What would be the best way to “power dose” in math in preparation for the end of the year test?
How do we help students handle text heavy problems?
Administrators, Coaches, and 3rd Grade Team
I actually got to meet with this team. Below reflects some of our discussions, plans, classroom trials, and later thoughts.
A coverage (cover all of the standards) and recall approach (I knew it as “cramming” for the test) has limited success. We can’t know the exact way in which questions will be posed. If a student sees something that is unfamiliar or if they can’t recall a fact or procedure, they are likely to skip the problem or simply guess.
With that in mind, I would focus on:
- making everything a problem solving experience,
- helping students believe that everything in math should make sense,
- developing students’ comfort with approaching unfamiliar tasks, and
- building stamina and independence when problem solving.
Any mathematics topics that we haven’t “covered” yet would be handled through text rich problems. Each of the above would be goals throughout the year, not just for test preparation.
In planning for instruction:
- Build Independence: Structure lesson set-up, problems, team work, etc. so that students have to make sense of the tasks In the past, one technique I commonly used was to read the problem aloud together and then discuss strategies for solving the problem. Then I had an AHA moment. On the test we aren’t able to read the problem together or discuss strategies. It’s as if we pull the rug out from under them. Now I consider ways to build independence throughout the year.
- Word Problems
- First give story problems without a question. Students read the problem independently and illustrate. Have students share their drawings. Invite peers to determine if the picture matches the story and offer suggestions for improvement. Criteria for a good illustration, “Could someone tell the same story or a similar story using the illustration.”
- Using a problem they’ve illustrated ask, “What questions could you answer?” Use a think-pair-share approach to share and debrief.
- Have students answer and defend their solutions to problem questions. Include written defenses in paragraph form.
- Sequence word problems so the text gets progressively longer.
- Handling the Unfamiliar: Give problems related to topics not yet covered. Encourage students to reason through the problem.
Grade 3 Example:
Do students need to have fluency in measuring to fractional units to solve the following problem? (Problem modified from a practice test problem.)
Dakota measured the lengths of 6 screws to the nearest quarter inch.
She then represented her findings in the graph below.
(lengths to nearest quarter inch)
Her classmates think that there is a problem with the graph.
A. Dakota did not title her graph.
B. There were 6 screws. Dakota left off one of the three-quarter inch screws on her graph.
C. Dakota had a two inch screw but did not show on the graph.
D. Dakota did not graph the 1¾ inch screw.
Discussion: The students in the 3rd grade classes had not worked with fractions nor fractional line plots yet. They may be faced with a similar situation on the test. We want them to solve by reasoning about the problem.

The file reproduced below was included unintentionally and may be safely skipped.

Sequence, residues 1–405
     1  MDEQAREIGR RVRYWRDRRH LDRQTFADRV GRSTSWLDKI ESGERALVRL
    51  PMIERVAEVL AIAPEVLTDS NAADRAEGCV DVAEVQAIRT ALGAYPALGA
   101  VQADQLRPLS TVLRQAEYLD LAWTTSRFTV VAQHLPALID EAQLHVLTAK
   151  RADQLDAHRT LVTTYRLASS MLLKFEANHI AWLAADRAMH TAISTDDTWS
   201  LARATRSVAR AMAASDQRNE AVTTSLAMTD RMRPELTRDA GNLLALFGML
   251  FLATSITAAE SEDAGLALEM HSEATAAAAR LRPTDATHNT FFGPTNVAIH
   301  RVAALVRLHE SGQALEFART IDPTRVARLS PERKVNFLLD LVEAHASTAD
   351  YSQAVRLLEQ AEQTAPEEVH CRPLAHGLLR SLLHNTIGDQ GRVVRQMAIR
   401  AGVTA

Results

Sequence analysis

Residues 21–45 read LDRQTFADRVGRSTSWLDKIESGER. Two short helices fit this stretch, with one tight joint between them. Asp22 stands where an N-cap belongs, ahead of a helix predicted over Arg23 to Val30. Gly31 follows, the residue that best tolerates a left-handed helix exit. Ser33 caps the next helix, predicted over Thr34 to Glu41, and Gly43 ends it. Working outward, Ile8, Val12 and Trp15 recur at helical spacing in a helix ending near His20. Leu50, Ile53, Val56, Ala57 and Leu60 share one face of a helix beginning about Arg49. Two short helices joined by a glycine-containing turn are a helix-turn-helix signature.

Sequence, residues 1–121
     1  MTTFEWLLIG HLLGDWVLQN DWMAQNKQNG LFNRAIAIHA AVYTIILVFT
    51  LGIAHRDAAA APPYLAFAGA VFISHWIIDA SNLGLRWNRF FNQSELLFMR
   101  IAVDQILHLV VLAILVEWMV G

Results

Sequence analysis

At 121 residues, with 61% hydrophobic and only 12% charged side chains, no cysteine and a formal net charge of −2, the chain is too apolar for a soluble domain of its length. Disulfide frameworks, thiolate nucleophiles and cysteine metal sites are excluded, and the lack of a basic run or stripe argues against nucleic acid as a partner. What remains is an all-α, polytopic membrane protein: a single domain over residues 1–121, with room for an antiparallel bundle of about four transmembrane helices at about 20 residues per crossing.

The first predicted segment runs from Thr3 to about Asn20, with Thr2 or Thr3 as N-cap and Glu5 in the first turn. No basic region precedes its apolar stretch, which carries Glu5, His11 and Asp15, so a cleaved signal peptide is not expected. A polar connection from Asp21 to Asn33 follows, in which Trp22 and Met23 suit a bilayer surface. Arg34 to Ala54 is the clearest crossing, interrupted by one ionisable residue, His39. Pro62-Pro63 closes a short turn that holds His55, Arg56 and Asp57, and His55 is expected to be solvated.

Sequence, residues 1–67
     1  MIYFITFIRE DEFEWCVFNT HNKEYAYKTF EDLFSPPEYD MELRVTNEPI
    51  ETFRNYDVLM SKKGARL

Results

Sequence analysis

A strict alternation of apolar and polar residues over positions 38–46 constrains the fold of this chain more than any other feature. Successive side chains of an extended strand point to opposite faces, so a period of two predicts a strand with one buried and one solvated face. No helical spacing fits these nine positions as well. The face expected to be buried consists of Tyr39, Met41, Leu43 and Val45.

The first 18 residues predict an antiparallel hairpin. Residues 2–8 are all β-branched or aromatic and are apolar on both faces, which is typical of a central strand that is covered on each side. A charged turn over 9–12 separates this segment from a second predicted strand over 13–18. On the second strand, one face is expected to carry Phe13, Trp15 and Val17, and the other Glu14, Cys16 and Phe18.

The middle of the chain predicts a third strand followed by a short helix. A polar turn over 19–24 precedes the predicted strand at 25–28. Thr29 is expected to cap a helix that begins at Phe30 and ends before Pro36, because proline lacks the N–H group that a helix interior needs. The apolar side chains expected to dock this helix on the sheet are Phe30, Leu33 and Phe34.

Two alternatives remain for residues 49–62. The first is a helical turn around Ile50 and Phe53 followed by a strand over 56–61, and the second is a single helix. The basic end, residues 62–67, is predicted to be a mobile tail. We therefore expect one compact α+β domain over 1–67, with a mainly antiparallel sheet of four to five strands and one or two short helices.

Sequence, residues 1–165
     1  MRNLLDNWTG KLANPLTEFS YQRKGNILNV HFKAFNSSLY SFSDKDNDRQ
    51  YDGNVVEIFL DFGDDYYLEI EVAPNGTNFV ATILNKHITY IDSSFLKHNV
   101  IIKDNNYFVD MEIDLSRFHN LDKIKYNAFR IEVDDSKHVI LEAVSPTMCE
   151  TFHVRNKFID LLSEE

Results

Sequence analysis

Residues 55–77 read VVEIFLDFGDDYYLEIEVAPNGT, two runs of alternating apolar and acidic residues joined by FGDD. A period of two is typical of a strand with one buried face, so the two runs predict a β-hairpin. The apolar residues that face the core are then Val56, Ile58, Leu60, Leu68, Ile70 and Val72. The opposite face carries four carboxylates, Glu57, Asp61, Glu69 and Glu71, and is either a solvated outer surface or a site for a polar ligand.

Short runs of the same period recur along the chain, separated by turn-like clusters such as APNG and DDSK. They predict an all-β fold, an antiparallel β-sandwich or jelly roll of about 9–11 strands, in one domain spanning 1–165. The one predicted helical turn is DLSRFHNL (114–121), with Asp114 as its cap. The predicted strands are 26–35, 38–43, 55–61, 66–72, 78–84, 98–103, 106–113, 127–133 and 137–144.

- Show only the graph. Use a think-pair-share approach to have students share everything they can about the graph.
- Show the pictures of the screws. Have them tell you everything they notice about the pictures and the graph.
- Finally show the possible answers. Have the students determine the correct answer. Ask them to defend their choice as well as the reasons that the other choices are incorrect.
When shown the graph, students knew:
- it had something to do with screws because of the title,
- they measured the screws in inches because of the title,
- there were 5 screws because of the X’s.
When shown the photos, students added:
- there were 6 screws,
- some are less than one inch,
- 3 are the same length,
- 2 are the same length.
Even if students are unsure of the measures of the screws, knowing that 3 screws are the same length and are less than an inch they can determine the correct answer.
- Don’t forget test-taking skills
- Have students eliminate possible answers.
Example: In a sample test question, the final question is, “What would be the answer rounded to the nearest hundred?” The choices are 400, 429, 486, and 500. Without knowing the rest of the problem two of the answers can be eliminated.
- Create a concentration/memory type game using practice test questions. On one card would be the problem. The matching card would contain the answer choices for multiple choice, the table, or the task to be completed. For each turn the player must state why the cards match before taking or why they don’t match before turning them back over.
- Connect to video game mindset: We asked students about how they approach video games. Some food for thought… When they play video games they:
- Always try new things.
- Take risks.
- Try to improve their score.
- Stick with it (Stamina).
How would this work?
Problem Detective–A no-tech video game.
One sentence or one answer choice (clue) has been randomly placed behind each “door.”
The student/player is to uncover each of the clues determining the problem and the answer.
To make the game:
- Print a copy of the problem template.
- Place the template on a file folder and using a pin or other pointed tool, make impressions at each vertex.
- Connect the dots on 3 sides of the rectangle to outline the doors.
- Cut the doors.
- Create problem sheets using the problem template.
- Students insert a problem sheet into the folder and solve.